Family Album from left: Passage, Heritage-1

Family Album from left: Passage, Heritage-1

What keeps you motivated to continually create a unique body of work?

I think the most beneficial motivator for me would be to take off and do a residency because what I’m lacking in my life is an extended period of time when I can just concentrate on creating. You need time to create. It takes a lot of open time to think and explore.

My consistent advice to my students who are about to graduate is – Sell everything! Leave now!

One of the things I remember as a kid is that you don’t have a sense of perspective because you live so much in the moment and think that it’s going to be like this forever. Sometimes you don’t realize that it takes one thing like marriage or a trauma or children or a job that changes the whole balance of your time. So, I tell my students that if they have the option to defer their student loans for a couple of years, they should just sell everything and get out of here! As someone who is bicultural I think that getting out and exploring the world is something that really needs to be pushed in our society for so many reasons. For people to become tolerant and for people to become more inspired. When you leave your country , your safely zone, and go somewhere else, you see things so differently.

What’s your favorite part of creating a new body of work?

The discovery. When you have an idea that’s turning in your head and you’re trying to make it work, then take that one seminal photograph that goes click. It says yes, this is the path to take; this is how you’re going to talk about this. The idea and the technique to me really have to work together. For the Animalia series, the giraffe picture was the very first one that I took. The story behind that happened when I had finished graduate school. I was so burnt out I didn’t know what to do so one day I took up a toy camera – a little plastic camera with a plastic lens – and went to a friend’s wedding in Louisiana. It was outdoors on a farm and I got side tracked by this rooster that was parading around. I slipped out of the wedding party and started stalking it, so while my friends were getting married I was chasing this one rooster down. I captured a photograph with these streaks of colors of the bird as it ran. When I saw the image I cut it out and put it in my journal. Years later, I went back and saw it and thought, well this could be something. I started going to farms and taking pictures where I photographed light colored animals against a dark background which developed into a series of work called The Farm. I kept that process going until one day I drove past the Exotic Sunrise B&B off of Ranch Road 12. They had zebras, giraffes and ostriches and other types of animals. When I saw the giraffe I realized I had to change everything. I switched it around and started photographing animals against the sun so the animals became dark and the background blew out white. That started the whole aesthetic for that project.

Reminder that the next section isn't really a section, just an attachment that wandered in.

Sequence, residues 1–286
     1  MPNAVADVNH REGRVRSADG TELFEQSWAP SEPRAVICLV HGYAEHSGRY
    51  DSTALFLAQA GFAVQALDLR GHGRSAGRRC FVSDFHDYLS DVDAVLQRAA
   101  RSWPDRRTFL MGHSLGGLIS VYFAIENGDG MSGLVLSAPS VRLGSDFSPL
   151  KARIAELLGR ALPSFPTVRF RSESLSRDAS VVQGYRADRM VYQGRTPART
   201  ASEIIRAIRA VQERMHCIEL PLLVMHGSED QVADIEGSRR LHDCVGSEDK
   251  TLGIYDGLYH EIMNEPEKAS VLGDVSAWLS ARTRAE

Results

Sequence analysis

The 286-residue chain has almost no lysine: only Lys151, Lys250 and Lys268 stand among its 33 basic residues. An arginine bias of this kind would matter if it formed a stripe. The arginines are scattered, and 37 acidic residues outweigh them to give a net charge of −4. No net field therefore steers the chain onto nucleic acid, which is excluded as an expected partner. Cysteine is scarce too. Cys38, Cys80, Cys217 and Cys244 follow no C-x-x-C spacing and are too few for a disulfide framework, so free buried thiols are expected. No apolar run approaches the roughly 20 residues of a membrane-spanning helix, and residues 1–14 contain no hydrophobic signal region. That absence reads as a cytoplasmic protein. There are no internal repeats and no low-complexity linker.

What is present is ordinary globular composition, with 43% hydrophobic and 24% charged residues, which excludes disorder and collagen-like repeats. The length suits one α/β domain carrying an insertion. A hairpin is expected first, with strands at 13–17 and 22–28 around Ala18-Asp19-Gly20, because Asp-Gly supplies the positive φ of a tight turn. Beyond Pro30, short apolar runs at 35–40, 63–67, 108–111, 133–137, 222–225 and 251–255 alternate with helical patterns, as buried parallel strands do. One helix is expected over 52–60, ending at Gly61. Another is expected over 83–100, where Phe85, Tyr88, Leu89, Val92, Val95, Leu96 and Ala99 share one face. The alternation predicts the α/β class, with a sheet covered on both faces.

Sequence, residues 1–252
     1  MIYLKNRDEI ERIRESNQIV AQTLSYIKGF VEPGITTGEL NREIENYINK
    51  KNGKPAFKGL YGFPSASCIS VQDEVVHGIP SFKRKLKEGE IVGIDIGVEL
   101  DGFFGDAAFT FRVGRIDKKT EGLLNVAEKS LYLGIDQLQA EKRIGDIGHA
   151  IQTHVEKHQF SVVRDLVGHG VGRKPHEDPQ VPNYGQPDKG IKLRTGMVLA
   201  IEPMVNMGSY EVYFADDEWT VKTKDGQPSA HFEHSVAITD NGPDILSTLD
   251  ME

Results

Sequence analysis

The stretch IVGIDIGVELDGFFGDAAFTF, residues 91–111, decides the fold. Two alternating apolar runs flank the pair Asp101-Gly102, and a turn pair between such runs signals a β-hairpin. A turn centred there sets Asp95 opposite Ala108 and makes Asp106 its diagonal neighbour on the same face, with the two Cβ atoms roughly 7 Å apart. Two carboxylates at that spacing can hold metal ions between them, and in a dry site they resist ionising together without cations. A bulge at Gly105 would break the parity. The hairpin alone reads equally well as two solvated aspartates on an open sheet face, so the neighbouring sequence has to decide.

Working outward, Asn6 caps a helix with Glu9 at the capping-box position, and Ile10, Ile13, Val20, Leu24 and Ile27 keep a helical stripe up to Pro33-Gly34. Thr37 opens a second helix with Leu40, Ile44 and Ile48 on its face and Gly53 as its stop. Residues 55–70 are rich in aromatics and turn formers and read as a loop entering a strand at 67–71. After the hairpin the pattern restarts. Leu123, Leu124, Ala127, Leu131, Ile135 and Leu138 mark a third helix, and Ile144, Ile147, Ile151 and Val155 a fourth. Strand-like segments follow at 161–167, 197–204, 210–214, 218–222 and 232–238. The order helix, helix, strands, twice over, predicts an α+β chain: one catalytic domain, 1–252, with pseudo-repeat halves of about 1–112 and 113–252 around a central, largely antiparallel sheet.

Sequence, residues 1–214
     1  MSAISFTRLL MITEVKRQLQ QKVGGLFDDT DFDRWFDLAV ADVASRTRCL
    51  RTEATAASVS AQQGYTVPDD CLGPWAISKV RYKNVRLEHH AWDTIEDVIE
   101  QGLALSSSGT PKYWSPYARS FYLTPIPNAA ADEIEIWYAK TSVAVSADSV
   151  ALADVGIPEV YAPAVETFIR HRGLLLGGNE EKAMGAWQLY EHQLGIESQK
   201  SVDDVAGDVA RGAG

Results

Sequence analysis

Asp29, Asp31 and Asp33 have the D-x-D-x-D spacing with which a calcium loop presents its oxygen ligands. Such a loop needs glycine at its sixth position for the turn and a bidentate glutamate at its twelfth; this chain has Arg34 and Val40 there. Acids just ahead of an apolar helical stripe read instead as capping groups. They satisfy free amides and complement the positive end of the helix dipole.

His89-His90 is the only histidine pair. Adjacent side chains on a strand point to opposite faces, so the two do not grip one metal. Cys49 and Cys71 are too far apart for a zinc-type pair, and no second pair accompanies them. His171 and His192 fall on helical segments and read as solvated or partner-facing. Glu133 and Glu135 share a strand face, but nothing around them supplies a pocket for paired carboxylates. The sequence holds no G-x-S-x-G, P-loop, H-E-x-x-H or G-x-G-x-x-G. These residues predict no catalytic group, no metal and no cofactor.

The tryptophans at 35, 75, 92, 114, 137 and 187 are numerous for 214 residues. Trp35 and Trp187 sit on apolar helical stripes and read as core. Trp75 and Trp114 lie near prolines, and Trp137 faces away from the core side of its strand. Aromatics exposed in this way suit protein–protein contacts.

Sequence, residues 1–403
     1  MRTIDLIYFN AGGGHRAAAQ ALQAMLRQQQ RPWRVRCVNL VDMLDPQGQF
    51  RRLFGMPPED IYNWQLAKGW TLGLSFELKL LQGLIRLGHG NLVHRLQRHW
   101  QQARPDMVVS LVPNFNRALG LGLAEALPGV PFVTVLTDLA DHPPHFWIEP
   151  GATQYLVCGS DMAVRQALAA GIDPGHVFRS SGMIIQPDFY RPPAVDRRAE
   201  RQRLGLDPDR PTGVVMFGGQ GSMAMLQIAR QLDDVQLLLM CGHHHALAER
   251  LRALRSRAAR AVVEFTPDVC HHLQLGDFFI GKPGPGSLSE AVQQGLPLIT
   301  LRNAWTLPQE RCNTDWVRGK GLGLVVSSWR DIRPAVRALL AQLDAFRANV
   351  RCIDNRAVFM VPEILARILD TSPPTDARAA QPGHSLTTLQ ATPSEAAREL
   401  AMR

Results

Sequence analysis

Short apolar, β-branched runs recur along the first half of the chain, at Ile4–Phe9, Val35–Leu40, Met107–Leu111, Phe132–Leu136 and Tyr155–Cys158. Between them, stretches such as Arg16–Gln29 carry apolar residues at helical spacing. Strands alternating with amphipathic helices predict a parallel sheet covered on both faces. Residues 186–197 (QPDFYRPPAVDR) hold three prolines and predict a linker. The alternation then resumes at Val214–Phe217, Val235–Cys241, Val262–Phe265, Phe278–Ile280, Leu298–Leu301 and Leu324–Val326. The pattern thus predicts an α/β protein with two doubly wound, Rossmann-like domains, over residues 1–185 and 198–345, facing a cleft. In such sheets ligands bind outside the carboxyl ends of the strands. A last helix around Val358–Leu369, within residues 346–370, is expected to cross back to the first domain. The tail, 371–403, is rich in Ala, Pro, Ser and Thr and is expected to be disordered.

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Animalia: Giraffe, Zebra-1

What has been your best career decision so far?

I think teaching was an excellent decision. I come from a long line of professors and I never thought that it would be my thing but it’s the right mixture for me of supervision and freedom. When you teach at an institution you have a lot of freedom to run your own class. It’s getting more constricted and institutionalized these days but even within that there’s a lot of space to be creative. I teach part-time now and in the end, it’s really great  because I have time to work on creative projects and my fine art.

What’s your favorite thing to do in Austin?

I really love riding my bicycle during the East Austin Studio Tour. I’ve been living on the east side for over 12 years and I love it here. I feel like I live in a zone of creative people who are always exploring, thinking, stretching, and creating. It’s very inspiring.

What are you favorite restaurants?

Justine’s and the Blue Dahlia. I also like the Hillside Farmacy.